Senate Finance Committee Chairman Mike Mazzei, R-Tulsa, wants to suspend a cut in state income taxes and have state taxpayers pay more in 2016.
Because of a budget shortfall due to low energy prices, Mazzei filed Senate Bill 1073, which would void the scheduled income tax reduction that is dropping the rate from 5.25 percent to 5 percent this year. Mazzei thinks the State Equalization Board should not have approved the cut because it was designed to go away if state revenues dropped.
SB 1073 makes it harder to ever get another income tax cut with more stringent requirements.
The Equalization Board certified a revenue increase for fiscal year 2016 but later revised its figures to show a drop.
In December, the board projected a $900 million budget shortfall for the 2016-2017 fiscal year and that could be revised to be over $1 billion.
The .25-percent drop in income tax will cost the state less than $150 million in a discretionary budget of more than $7 billion.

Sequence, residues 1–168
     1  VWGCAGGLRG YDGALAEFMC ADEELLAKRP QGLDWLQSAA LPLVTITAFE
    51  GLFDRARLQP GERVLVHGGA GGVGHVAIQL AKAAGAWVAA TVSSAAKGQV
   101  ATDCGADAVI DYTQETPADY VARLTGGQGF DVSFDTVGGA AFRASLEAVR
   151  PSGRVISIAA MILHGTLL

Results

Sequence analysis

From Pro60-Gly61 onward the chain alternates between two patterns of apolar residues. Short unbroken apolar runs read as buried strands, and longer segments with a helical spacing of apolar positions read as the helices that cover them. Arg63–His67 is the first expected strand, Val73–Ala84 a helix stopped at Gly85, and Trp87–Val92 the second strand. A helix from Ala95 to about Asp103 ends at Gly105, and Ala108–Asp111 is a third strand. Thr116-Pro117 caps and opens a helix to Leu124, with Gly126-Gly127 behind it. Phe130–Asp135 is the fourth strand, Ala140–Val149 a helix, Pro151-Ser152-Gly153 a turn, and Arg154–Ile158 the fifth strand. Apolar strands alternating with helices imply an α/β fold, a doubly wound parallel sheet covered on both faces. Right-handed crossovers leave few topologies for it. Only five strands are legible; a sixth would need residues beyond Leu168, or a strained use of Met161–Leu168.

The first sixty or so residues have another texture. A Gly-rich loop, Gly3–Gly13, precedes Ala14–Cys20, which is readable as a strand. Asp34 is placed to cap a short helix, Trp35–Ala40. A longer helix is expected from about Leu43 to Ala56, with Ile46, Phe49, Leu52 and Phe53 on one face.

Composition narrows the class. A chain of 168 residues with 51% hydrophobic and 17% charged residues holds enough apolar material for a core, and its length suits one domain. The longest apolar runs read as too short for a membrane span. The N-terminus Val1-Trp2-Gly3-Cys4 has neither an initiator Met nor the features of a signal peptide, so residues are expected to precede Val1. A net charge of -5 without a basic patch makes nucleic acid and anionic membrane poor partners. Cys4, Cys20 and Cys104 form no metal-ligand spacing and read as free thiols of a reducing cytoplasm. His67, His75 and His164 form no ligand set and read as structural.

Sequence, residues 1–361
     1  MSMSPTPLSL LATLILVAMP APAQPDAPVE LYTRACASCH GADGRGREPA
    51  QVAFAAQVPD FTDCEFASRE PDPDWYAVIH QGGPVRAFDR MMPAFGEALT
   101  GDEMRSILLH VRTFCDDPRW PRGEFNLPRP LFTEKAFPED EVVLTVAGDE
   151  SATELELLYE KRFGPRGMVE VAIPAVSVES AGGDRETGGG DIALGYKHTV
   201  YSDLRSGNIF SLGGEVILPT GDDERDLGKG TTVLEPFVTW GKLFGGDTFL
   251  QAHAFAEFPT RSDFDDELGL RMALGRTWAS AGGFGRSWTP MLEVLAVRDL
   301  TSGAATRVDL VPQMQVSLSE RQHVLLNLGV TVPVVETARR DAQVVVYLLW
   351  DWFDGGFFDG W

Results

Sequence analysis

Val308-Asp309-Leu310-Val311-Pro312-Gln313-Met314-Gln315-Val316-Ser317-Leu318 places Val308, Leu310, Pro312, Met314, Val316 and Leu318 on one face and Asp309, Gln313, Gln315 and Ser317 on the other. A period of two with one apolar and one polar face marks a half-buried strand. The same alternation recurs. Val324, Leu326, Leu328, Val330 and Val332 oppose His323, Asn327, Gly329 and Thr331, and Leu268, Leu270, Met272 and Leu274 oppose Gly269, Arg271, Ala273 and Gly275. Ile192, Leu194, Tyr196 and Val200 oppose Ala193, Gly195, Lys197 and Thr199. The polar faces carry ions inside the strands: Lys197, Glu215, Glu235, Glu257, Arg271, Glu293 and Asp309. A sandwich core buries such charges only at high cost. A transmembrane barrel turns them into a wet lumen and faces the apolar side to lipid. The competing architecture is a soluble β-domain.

Mazzei is term limited and cannot run for re-election in 2016. The 2016 legislative session begins Feb. 1.
Meanwhile, some national organizations are making grim predictions about the oil and gas industry.
One prediction has U.S. crude production falling to 8.1 million barrels per day in December. In December of 2015, production was 9.2 million barrels per day. In April of last year, the production was 9.6 barrels.
And the number of rig counts has dropped to 695 in January. That’s the lowest level since 2006. Another 400 or so are expected to go in the next six months. The expectation is that about 80 percent of the rigs active in 2014 will be closed by July of 2016.
Mild temperatures and increased output from OPEC is causing prices to fall. Thanks to a deal by President Obama with Iran, that country will immediately add 500,000 barrels of oil a day to the international market.